Americans have grown accustomed to the post-9/11 world of security checks. We understand that in the interest of public safety, we often have to put up with bag searches, pat-downs, metal detectors or all of the above to get where we’re going — whether it’s boarding a plane or entering a stadium.
But wait times to clear security at Minneapolis-St. Paul International Airport (MSP) last week were beyond the pale. The situation was so bad for travelers that Minnesota’s two U.S. senators held a news conference to — once again — urge the federal Transportation Security Administration (TSA) to increase staffing at the airport.
Early last week, the Metropolitan Airports Commission (MAC) began construction on a multiyear, $1.6 billion renovation project that includes remodeling the ticketing lobby. Portions of the area are walled off for construction, creating less space in the middle of the terminal. So only security checkpoints at the north and south ends were open.
That prompted long lines, confusion and a lot of upset customers. And while last week was worse than usual, it was not an isolated incident.
As Sens. Amy Klobuchar and Tina Smith rightly pointed out in a letter to the TSA last week, MSP has been seriously understaffed for several years. It was the third letter Klobuchar had sent to the agency since last fall.
“The bottom line is that it is simply unacceptable that authorized TSA staffing at MSP has decreased while passenger traffic has increased,” Klobuchar said at a joint news conference with Smith. “It is critical that we do everything possible to mitigate the impact on wait times caused by construction.”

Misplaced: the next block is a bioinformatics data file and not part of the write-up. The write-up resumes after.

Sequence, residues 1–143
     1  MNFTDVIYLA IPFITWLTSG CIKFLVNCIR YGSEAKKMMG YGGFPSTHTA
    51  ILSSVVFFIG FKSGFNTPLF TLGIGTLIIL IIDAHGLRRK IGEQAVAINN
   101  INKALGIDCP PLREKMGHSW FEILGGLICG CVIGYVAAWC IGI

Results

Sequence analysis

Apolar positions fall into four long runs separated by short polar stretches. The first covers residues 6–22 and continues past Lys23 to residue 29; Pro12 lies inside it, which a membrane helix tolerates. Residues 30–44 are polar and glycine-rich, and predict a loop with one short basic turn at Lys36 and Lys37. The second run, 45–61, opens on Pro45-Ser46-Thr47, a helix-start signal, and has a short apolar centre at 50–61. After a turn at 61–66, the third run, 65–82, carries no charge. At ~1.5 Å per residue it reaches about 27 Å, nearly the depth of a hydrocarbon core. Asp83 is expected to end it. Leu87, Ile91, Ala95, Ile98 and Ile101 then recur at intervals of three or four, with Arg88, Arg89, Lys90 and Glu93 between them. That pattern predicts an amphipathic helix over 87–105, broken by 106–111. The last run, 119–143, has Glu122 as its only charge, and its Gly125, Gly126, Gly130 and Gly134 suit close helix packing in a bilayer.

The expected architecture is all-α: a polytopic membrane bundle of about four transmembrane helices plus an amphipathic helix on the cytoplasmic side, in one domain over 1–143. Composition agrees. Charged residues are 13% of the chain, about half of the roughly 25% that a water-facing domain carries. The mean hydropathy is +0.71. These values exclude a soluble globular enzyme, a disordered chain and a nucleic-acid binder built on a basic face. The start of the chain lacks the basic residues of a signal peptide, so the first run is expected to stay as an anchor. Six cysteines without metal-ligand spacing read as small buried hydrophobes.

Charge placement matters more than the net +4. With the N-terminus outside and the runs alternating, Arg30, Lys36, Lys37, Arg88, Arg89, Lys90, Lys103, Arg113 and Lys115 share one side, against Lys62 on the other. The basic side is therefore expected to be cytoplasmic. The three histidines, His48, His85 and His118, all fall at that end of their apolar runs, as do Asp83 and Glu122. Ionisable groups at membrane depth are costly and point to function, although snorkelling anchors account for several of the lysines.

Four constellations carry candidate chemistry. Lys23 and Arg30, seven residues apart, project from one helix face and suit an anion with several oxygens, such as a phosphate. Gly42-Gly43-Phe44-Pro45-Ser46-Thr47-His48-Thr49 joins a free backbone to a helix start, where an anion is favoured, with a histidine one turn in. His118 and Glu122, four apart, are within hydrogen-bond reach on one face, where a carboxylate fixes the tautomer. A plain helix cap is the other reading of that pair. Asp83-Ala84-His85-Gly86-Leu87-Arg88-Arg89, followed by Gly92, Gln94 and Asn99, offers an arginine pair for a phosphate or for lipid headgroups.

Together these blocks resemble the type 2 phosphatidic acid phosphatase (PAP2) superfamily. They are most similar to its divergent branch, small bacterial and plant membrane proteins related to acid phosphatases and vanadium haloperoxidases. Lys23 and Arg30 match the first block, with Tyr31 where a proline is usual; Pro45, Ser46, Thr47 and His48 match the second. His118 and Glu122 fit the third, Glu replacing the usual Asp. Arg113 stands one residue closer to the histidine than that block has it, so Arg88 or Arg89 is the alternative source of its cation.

It’s time the federal agency recognized that passenger numbers and characteristics have changed at MSP, and that those changes justify the need for more TSA agents. There is almost always some kind of reconfiguration or construction going on at MSP. The TSA and MAC can and must plan ahead to keep passenger traffic flowing. That doesn’t mean simply adding staff here or there as a temporary fix.
As Klobuchar noted, in 2012 MSP served about 34 million passengers and had 670 full-time equivalent TSA officers at the airport. Five years later, 38 million passengers were served, but the TSA decreased the number of agents to 630.
In addition, a MAC spokesman told an editorial writer that the types of trips have changed and require more security workers. Five years ago, about 55% of passengers began or ended their trips in Minneapolis — now that that’s up to 67%. That means fewer connecting customers who don’t require security checks are coming through the terminals.
As a result of the inadequate staffing, long lines and confusion prevailed last week at both ends of the terminal — a situation that can create its own security problems. The north checkpoint could be used by all passengers, but the other end was reserved for those with TSA PreCheck, ($85 for five years) Clear with PreCheck ($179 annually) and airport employees. Those passengers pay extra to move more quickly through security, so it was especially unfair that they were held up in longer lines.
With busy travel times around the corner — October school conferences and November and December holidays — it’s critical that TSA officials act soon to add staff and avoid the kind of meltdown MSP experienced last week.